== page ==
Operating hours at NOLA Smokehouse have always been imprecise, with the doors closing when the day’s supply of smoked meat runs out. Devotees to this Irish Channel barbecue spot have generally insured that happens early in the afternoon.

This coming Saturday, however, the last of the day’s meat will also be the last of NOLA Smokehouse.

Pitmaster Rob Bechtold said he plans to close the restaurant for good at the end of business on Oct. 3, citing a serious illness in his family that demands their full attention.

“I feel like we’re going out at the top of our game,” Bechtold said. “It’s time for us to step away and take care of some family issues and hopefully see what comes next.”

Rob and his wife Emily Bechtold together built NOLA Smokehouse into a widely recognized stop on the city’s small but growing barbecue circuit.

They opened the restaurant early in 2014 in a barebones, cinderblock building on Jackson Avenue that was previously a wing shop. Short on curb appeal, and with minimal amenities inside, it quickly earned a following among barbecue aficionados for its slow-and-low technique.

Last year, Steven Raichlen, the author, TV host and barbecue authority, named NOLA Smokehouse among his “top 10 smoke and fire restaurants for 2014.” The restaurant has also been a perennial pick on New Orleans “best of” lists.

Bechtold spent 25 years working in fine dining kitchens, though his affinity for barbecue came more recently. In 2011, he and a business partner field tested their meats at the Crescent City Blues & BBQ Festival and, encouraged by the response, opened a restaurant in Fat City called Smokin’ Buddha BBQieux in 2012.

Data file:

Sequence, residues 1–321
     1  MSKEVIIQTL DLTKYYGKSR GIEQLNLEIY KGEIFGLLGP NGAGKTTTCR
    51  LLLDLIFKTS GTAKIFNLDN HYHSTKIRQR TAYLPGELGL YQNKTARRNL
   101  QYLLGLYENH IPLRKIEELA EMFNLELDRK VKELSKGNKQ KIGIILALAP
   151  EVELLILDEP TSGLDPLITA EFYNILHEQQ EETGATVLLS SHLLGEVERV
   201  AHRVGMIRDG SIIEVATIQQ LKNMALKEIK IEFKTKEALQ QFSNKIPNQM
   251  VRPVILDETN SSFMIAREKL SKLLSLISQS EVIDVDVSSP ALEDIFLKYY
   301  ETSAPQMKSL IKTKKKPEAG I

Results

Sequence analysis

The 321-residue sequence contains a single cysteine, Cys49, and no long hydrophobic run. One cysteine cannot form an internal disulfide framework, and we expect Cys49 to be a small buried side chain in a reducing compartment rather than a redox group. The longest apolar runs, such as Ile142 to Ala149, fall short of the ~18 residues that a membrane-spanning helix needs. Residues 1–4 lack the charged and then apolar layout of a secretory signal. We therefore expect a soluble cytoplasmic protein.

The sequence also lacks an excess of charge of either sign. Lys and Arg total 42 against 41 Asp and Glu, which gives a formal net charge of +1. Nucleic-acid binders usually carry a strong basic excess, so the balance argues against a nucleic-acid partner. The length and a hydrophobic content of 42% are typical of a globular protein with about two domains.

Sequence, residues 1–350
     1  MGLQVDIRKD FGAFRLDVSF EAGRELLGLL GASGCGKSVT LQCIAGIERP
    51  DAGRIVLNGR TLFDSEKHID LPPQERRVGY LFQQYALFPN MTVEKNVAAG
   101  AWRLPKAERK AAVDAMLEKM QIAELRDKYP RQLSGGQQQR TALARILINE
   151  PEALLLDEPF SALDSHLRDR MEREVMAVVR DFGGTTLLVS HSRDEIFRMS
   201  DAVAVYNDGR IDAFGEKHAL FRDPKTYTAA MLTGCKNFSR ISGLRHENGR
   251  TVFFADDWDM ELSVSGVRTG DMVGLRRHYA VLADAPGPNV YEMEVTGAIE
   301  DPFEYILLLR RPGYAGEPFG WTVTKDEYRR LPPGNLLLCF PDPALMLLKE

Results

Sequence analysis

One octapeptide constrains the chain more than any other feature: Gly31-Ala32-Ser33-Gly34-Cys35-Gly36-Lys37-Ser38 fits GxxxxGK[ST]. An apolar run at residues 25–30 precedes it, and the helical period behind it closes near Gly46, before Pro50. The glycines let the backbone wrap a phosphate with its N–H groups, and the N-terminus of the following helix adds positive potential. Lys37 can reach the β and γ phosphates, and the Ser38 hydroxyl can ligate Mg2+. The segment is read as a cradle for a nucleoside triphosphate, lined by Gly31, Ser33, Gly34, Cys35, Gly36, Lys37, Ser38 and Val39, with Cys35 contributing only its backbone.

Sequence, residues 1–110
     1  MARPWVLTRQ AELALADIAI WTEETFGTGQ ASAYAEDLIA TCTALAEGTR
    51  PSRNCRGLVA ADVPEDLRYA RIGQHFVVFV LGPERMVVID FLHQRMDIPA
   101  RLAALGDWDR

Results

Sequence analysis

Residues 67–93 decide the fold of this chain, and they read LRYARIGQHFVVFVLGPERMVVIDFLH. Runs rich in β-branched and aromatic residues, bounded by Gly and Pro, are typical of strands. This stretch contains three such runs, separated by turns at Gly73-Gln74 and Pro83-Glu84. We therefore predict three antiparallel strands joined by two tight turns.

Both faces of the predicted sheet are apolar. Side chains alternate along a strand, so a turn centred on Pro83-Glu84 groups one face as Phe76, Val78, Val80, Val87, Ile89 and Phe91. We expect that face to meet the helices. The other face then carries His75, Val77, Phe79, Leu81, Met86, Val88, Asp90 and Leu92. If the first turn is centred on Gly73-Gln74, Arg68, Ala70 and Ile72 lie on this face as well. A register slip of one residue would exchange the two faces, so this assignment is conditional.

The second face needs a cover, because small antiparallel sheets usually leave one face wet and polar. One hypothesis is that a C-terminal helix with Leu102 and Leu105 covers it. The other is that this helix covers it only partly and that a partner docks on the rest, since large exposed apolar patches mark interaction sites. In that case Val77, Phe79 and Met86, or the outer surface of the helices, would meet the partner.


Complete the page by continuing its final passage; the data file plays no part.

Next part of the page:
While that venture was short lived, the Bechtolds continued pursuing the barbecue business on their own and built the NOLA Smokehouse brand as a roving pop-up until they could open their own restaurant.

Bechtold said business was going well, and that NOLA Smokehouse booked its best month for sales in July before family issues forced them to reassess. While future prospects are unclear, Bechtold said he and Emily are proud of what they achieved in a short span at their small, out-of-the-way barbecue spot.

“I think it shows what you can do with perseverance and by sticking to your craft,” he said. “Our customers met us half way here with our location and our hours, and we’re grateful for them.”

NOLA Smokehouse

739 Jackson Ave., 504-418-2591

Open Wednesday (Sept. 30) to Saturday (Oct. 3) from 11:30 a.m. until meats sell out.

Follow Ian McNulty on Twitter @IanMcNultyNOLA.